TO THE EDITOR:
Derek Fulton wrote in “Online textbooks have crossed the line,” that digital classroom resources are a waste of money.
I am writing to disagree with his proposition that these online resources are a) over-priced and b) poor alternatives to paper textbooks. To the first point, as Fulton himself writes, Mastering Physics ($115) and SimUText ($80) are both cheaper than most hard cover textbooks ($132.50 in his example).
Creating novel, interactive content also requires more thought than writing paper textbooks, as I witnessed last summer while interning at SimBio, the maker of SimUText software.
Fulton’s assertion that “doing homework on paper and getting personalized feed back is free” is the most absurd. Biology classes here tend to be larger than 200 students. The time that taxpayer-paid professors would spend grading homework is certainly more valuable than student fees for online platforms.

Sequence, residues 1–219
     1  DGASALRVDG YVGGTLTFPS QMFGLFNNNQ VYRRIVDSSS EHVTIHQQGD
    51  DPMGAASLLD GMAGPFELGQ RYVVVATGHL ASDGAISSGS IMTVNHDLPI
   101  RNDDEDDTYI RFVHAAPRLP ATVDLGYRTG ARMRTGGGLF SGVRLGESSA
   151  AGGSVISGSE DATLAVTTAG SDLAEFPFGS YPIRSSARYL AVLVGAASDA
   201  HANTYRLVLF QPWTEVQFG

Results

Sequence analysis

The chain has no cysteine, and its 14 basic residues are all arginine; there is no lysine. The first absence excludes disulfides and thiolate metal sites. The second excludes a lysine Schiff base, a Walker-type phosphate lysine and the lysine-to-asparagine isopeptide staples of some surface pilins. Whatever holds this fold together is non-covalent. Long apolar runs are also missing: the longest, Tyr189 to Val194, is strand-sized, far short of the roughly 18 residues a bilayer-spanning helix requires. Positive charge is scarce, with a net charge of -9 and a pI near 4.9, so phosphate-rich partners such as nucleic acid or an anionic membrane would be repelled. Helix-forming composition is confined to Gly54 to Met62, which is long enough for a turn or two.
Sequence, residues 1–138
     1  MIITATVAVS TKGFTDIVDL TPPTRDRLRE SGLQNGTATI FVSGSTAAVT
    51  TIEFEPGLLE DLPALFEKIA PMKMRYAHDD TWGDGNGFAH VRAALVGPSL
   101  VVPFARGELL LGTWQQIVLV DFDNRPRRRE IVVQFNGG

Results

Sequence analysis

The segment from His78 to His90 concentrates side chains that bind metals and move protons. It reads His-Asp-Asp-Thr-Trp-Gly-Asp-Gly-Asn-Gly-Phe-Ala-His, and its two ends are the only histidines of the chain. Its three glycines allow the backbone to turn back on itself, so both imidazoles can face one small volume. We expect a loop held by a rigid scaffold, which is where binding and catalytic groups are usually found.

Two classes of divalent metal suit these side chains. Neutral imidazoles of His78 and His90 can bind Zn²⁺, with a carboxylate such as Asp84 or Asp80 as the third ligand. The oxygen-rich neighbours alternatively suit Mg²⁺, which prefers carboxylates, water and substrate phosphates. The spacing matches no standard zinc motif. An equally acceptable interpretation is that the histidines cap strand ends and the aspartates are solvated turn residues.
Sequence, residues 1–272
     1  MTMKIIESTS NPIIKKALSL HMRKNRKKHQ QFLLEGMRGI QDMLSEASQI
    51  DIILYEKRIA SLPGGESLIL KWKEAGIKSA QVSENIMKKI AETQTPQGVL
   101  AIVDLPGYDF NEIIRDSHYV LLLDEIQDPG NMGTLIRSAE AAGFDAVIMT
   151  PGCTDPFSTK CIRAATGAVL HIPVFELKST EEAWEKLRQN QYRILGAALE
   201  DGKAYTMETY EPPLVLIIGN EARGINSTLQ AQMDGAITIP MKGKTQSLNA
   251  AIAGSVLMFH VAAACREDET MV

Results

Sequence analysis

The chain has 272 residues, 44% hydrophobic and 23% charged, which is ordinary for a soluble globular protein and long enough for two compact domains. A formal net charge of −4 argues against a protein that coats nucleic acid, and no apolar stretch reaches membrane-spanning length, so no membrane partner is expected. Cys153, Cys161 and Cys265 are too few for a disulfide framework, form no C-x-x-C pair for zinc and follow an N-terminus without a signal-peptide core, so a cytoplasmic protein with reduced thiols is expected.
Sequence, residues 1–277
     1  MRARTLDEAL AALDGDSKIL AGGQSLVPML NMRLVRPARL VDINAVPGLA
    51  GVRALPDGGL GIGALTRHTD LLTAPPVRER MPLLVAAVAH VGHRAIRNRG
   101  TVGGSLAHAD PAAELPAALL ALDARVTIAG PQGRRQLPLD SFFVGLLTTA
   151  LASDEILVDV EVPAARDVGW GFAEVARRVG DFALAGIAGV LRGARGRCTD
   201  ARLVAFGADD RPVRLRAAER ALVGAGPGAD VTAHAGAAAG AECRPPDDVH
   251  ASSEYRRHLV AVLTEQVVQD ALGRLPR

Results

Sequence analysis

Unfortunately, the alternative to digital feedback at large, public universities is usually no feedback.
But most importantly, digital resources enable more minority and first generation students to succeed in STEM. UNC biology professor Dr. Kelly Hogan was featured in a widely circulated NYT article about this very fact.
Finally, if Derek takes issue with SimUText’s code being from 2008, why is he so defensive of textbooks made using the technology Gutenberg invented in 1440? I won’t claim that these products are perfect or should replace face-to-face classroom interaction, but they do and will continue to play an important role in democratizing education.
And as they become more popular, they’ll become cheaper too.
Biology and Studio Art
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